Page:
I’m still in a Thanksgiving food coma. Of course I am, Thanksgiving was just last weekend. My timber-framer Uncle procured a turkey from Amish country – about an hour north of his Rockford home. His frequent visits to commission canned goods and purchase of timbers have created friendships with some Amish folks who raise gorgeous (and inexpensive) turkeys. The bird was the centerpiece of a lovely meal that we washed down with Manhattans (my father’s specialty), Pinot Noir and Black Star maple dessert wine.
My parents were visiting the east coast, so we headed up north for a weekend of wine tasting and exploring. This was my second weekend in a row setting cruise control on 131 and arriving in northern paradise just a couple hours later (I should admit that I’m always a passenger). The first weekend was a surprise trip and I came home with an engagement ring and a couple cases of surprisingly delicious white wines. This past weekend was a family affair and I took a closer look at the food and wine Up North, and was pleasantly surprised at the presence of locally sourced fare, even as the snow was falling.
Michigan is second only to California in diversity of products. For locavores, it can be depressing this time of year as we don’t have California’s year-round mild and vaired climate that produces a steady supply of homegrown food. I cut back my tomatoes months ago and keep kicking myself that my pantry isn’t stocked with preserved fruits and vegetables. Look a little deeper, however, and you’ll see that the good stuff is still there for your enjoyment and good health.
it’s easy to overload on Michigan’s homegrown and handcrafted food and beverages – even in late fall. The leaves have fallen, storm windows are put up and Christmas lights are twinkling, but good, local food is still readily available. The Fulton Street Farmers Market in Grand Rapids is open year round. A band of dedicated vendors brave the weather week in, week out. Stop by the market or a beverage store (Art of the Table is my favorite) and you’ll find:
Wine, Cider, Beer & Spirits
I love living in a state that has such a focus on producing a wide spectrum of alcoholic beverages. Don’t take this for granted! (I hail from PA where Yuengling is our local brew, beer has to be purchased at bars or beverage shops, and all wine stores are state-owned.) I currently have a growler of Tandem Ciders Smackintosh cider in my fridge that is world-class.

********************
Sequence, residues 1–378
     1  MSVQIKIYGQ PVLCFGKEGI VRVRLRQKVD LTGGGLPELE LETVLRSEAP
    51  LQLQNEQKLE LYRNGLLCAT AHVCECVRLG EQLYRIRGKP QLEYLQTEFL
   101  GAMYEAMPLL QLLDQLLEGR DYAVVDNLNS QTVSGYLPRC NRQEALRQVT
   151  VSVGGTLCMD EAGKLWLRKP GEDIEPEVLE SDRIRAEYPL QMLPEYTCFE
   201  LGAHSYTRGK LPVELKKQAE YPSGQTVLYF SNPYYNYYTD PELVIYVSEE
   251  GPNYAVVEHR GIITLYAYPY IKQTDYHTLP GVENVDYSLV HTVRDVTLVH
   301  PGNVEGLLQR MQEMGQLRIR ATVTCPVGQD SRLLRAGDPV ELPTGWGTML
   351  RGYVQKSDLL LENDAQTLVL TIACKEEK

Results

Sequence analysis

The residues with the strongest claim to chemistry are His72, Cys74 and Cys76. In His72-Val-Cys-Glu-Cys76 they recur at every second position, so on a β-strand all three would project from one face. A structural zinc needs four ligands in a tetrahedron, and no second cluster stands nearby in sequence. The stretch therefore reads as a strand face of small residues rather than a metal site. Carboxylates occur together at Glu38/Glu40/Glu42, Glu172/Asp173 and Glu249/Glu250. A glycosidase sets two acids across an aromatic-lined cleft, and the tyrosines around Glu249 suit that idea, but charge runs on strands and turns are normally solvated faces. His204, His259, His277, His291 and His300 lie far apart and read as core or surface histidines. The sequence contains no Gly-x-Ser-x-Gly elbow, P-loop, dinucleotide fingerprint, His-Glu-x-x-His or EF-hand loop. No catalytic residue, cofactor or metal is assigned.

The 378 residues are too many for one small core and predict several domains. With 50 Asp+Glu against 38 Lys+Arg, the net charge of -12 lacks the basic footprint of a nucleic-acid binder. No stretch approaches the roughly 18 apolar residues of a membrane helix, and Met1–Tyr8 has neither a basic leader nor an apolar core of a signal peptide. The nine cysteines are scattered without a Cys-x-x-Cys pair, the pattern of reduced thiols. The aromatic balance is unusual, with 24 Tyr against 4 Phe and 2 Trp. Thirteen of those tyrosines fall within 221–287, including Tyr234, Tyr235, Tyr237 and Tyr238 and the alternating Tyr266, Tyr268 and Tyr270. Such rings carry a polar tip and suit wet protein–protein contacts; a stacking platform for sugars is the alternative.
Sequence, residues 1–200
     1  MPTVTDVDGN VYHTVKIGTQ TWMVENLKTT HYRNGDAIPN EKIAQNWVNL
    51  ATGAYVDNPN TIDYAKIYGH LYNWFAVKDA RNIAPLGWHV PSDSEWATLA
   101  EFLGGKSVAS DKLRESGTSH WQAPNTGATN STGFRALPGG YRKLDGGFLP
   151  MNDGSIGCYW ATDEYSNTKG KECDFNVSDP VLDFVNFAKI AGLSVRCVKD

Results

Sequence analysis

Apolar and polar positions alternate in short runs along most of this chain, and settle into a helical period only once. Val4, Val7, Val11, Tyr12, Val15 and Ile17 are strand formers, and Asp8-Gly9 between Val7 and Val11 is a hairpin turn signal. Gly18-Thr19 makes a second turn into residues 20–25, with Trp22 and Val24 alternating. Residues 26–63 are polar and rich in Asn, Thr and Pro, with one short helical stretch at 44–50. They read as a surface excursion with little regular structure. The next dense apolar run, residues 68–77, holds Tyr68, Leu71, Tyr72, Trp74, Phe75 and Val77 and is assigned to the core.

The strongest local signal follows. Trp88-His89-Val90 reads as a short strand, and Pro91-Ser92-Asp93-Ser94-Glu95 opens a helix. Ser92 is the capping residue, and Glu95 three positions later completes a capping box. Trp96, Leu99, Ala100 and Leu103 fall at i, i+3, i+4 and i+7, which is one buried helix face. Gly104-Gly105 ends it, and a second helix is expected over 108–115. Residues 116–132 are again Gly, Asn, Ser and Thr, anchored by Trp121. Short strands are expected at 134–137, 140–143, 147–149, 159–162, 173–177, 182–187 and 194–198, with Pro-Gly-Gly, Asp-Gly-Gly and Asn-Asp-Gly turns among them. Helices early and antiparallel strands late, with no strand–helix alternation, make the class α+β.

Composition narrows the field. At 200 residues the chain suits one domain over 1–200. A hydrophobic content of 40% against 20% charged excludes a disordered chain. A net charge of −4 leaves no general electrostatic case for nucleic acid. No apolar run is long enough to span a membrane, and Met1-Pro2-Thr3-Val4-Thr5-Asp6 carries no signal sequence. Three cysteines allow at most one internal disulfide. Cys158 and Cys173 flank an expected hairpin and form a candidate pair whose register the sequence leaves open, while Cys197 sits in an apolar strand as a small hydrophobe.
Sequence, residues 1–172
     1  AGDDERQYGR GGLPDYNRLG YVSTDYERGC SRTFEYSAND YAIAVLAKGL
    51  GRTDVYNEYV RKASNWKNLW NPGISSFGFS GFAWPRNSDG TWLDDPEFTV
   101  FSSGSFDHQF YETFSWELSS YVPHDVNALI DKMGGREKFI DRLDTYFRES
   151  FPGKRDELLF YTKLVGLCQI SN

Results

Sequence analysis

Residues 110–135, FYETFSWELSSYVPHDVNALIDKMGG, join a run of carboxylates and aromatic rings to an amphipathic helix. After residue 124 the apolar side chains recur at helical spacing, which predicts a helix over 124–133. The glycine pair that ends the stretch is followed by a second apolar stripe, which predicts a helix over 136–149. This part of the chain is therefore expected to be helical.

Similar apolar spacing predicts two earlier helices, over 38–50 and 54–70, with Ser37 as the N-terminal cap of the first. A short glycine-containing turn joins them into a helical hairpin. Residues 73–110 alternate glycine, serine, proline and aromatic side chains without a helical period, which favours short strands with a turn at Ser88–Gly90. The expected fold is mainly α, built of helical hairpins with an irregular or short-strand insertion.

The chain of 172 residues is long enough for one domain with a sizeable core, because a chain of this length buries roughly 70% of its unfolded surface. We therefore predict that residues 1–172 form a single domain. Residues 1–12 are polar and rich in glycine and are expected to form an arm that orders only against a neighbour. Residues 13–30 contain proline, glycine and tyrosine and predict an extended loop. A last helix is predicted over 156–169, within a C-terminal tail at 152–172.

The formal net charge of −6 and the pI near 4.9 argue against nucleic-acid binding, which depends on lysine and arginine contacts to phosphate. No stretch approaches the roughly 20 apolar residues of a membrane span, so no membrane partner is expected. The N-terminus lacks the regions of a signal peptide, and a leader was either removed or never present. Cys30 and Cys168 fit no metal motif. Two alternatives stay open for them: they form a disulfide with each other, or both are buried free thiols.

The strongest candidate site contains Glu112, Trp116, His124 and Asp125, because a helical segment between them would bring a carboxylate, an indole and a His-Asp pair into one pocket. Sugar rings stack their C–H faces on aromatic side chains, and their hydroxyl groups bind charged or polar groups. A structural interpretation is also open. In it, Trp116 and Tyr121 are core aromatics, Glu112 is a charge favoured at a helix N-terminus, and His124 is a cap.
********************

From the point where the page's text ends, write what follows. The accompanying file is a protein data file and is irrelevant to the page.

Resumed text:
A local cheese on fresh baked bread will make you feel centered again, especially if you put away a batch of jam this summer. Local milk, eggs and cheese are generally readily available. I currently have Leelanau Raclette, Dancing Goat Chevre and MOO-ville cheddar on hand.
Poultry & Meat
Local meat has a significantly higher price tag than what we buy at the grocery store, but it is simply a higher quality, tastier product. Learn to break down a chicken and use every bit. Eat smaller portions. Purchasing local protein is a fantastic way to keep a large part of your food dollar local.
Storage Vegetables & Greens
Fill a basket with potatoes, hardy greens like kale and bok choy, carrots, beets, onions and garlic and you might just feel energized at the possibilities.
I am a regular at Nantucket Baking Co. in Grand Rapids, where I indulge on breads and sweets year round. It’s a comfort to have bread without preservatives and additives, plus I’m supporting a local business. I purchased a still-warm loaf of wheat bread at Pleasanton Bakery in Traverse City that was consumed within 24 hours.
Coffee & Tea
Yes, yes I know coffee isn’t grown in Michigan. BUT, as we all know, there are fantastic sources for procuring locally roasted coffees (I’m subscribed to a monthly delivery from Rowster Coffee in GR) plus Global Infusion, which is another excellent place to purchase responsibly-sourced teas.
The truth is, when we aren’t sourcing locally and characterizing our food choices with awareness and pride, it’s all too easy to open the floodgates and return to a diet flush with commodity, processed products. Don’t let seasonality get you down. Wait for strawberries, asparagus and peas, they will taste amazing and it will feel like Christmas in June when they appear at farmers markets. In the meantime, enjoy hearty winter foods that stick to the bones and rely on products available year-round.
Traveling around Michigan the past couple weeks reminded me of the abundance that we can still access. I saw it on restaurant menus, drank it in tasting rooms, smelled it in a toasty bakery and tasted it again and again from the Thanksgiving turkey to salad greens.
Enjoy the holiday season and take time to see the blessings and pleasure in each meal.
–Molly Clauhs, Contributing Writer